Martha, separated from her husband and in the process of divorce, became caught up in the glamor and excitement of Berlin’s social scene. Her romantic affairs were front and center, including a relationship with Soviet attaché and secret agent Boris Vinogradov. She defended the Soviet regime to her skeptical friends. After William Dodd returned to America and took ill with the condition that would take his life early during World War Two, it was Nazi propagandist Joseph Goebbels who would use this and other romantic endeavors by Martha to attack the service of her father.

The assessments of Dodd’s effectiveness during the build-up of the Nazi war machine are largely poor. Larson takes largely this view in sharing this story and level-setting early on that Dodd was no hero in the larger affairs. U.S. Consul to Berlin alongside Dodd seeks to take some of the sting out of the valid criticism leveled at the former ambassador; that he is compared unfavorably to similar ambassadors to Germany from France and England, while not explicitly stated by Larson, is clearly implied by the tone of this book.

In demonstrating the feel and time of Berlin from 1933 to 1937 so well, my sense is that Larson did well to demonstrate how basically no one believed that Adolf Hitler would last long as a German leader. The relative ease with which he gained that leadership and reformed the form of Germany’s government with the tacit approval of the German populace is skillfully done. That the first maybe forty percent of the book is used to lay the groundwork of a very human telling to one family’s perspective on the Nazi buildup may be off putting for some readers. My recommendation is to stick with the book.

My recommendation is to read this book; I further feel that readers under the age of 30, especially if not married or not parents, would be less inclined to enjoy this book than some one that fits one or both descriptions. My rating is 4-stars out of five.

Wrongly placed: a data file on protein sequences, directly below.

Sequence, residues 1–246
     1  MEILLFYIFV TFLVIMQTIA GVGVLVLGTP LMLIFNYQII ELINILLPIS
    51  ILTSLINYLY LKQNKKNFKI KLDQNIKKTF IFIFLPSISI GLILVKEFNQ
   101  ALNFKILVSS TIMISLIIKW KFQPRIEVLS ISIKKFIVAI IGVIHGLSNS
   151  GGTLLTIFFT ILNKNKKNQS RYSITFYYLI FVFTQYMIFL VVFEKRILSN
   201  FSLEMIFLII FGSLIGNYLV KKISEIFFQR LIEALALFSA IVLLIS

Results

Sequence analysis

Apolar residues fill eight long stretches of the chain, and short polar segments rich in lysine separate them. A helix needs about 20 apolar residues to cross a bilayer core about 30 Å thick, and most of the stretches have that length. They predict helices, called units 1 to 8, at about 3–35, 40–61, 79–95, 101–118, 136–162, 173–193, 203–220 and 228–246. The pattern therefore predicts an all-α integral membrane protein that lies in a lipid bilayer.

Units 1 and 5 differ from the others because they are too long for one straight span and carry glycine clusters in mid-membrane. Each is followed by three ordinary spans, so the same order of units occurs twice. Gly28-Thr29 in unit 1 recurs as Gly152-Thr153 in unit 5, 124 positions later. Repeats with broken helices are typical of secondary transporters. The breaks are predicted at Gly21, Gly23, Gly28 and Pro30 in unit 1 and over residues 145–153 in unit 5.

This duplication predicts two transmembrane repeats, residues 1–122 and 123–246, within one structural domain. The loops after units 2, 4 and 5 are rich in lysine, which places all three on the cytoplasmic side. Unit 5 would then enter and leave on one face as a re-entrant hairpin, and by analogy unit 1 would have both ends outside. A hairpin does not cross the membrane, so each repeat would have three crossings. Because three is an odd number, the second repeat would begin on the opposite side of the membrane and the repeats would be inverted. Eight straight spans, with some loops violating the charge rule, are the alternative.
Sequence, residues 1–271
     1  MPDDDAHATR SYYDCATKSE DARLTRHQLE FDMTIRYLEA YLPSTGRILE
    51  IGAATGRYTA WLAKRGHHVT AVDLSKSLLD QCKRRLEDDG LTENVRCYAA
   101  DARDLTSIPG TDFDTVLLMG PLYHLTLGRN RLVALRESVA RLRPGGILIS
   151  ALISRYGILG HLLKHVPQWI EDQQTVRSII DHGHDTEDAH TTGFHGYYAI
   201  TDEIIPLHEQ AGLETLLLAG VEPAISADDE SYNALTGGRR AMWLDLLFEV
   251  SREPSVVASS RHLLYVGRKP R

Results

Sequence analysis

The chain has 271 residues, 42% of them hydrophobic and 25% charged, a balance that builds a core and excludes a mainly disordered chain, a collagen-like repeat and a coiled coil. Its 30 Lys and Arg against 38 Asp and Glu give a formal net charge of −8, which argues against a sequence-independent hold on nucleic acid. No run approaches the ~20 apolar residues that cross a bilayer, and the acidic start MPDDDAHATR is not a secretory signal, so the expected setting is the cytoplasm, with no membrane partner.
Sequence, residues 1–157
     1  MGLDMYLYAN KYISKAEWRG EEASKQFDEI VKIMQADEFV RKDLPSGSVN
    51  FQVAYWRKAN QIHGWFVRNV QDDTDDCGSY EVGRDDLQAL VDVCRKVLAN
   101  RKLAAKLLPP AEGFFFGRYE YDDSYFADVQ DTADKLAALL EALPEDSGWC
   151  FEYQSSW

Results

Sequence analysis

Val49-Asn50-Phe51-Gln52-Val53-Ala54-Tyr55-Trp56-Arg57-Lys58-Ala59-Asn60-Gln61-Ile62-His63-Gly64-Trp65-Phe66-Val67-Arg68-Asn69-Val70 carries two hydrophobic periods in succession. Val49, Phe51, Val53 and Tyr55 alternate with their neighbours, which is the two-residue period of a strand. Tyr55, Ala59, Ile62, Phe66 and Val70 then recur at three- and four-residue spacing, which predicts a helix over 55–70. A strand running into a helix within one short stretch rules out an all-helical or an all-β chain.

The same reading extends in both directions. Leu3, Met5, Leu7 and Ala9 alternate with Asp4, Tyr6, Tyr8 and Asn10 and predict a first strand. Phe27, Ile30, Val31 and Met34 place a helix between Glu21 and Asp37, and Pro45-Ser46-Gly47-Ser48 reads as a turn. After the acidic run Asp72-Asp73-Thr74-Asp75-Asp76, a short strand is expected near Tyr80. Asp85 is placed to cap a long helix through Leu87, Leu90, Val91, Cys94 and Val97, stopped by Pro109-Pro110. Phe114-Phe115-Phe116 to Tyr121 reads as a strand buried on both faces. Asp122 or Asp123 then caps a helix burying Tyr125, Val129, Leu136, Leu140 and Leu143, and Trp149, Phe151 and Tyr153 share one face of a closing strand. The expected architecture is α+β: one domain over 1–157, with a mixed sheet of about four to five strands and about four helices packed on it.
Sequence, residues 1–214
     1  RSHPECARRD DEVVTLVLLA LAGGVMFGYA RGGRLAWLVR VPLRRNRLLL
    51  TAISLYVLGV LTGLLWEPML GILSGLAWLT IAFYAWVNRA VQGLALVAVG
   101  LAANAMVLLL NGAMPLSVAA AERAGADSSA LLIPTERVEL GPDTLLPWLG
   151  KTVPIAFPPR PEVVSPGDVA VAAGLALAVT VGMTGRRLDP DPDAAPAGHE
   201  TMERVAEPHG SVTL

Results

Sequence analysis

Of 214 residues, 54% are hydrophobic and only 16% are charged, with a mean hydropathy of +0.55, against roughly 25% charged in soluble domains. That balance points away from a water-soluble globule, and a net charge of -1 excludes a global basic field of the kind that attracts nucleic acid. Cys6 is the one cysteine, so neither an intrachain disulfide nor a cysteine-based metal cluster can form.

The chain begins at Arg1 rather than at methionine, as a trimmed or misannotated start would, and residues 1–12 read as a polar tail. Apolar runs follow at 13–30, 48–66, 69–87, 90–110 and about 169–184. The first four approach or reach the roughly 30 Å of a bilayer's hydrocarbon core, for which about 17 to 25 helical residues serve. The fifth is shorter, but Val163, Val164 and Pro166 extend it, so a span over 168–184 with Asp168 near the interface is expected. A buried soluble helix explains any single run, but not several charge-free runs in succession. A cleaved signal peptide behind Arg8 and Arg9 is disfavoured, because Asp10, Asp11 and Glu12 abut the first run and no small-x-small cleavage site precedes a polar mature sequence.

Matt – Thursday, January 12, 2017

Remembering the Scoop of the Century

The celebration of her 105-years on planet Earth last October would be plenty of reason to have taken note of British journalist Clare Hollingsworth. The BBC informed the world today that Hollingsworth, the war correspondent who broke the news that Nazi Germany had invaded Poland to start World War II, passed away today in Hong Kong.

Per the BBC report, Hollingsworth’s telling in The Daily Telegraph first had it that “1,000 tanks massed on Polish border. Ten divisions reported ready for swift strike.” When Germany invaded three days later, Hollingsworth added the second half of her scoop that, for the significance within the course of human affairs, was not hyperbole in being called “the scoop of the century.”

daily-telegraph

Hollingsworth continued to report from Poland during the second Great War of the 20th century, and later reported from Hungary, Turkey, Greece, and Egypt. Further reporting from the Middle East only added to her reputation, which led to an interview with the Shah of Iran. It is reported that the BBC recognized that Hollingsworth’s “depth of technical, tactical and strategic insight set her apart” as a war correspondent.

Eyewitnesses to history from the 1930s are growing scarcer and scarcer. Books like Anthony Doerr’s fictional All the Light We Cannot See, as discussed on this blog, can help us remember the feelings and history of the past.

https://mattlynndigital.wordpress.com/2016/12/20/the-year-in-reading-2016-part-1-five-favorites/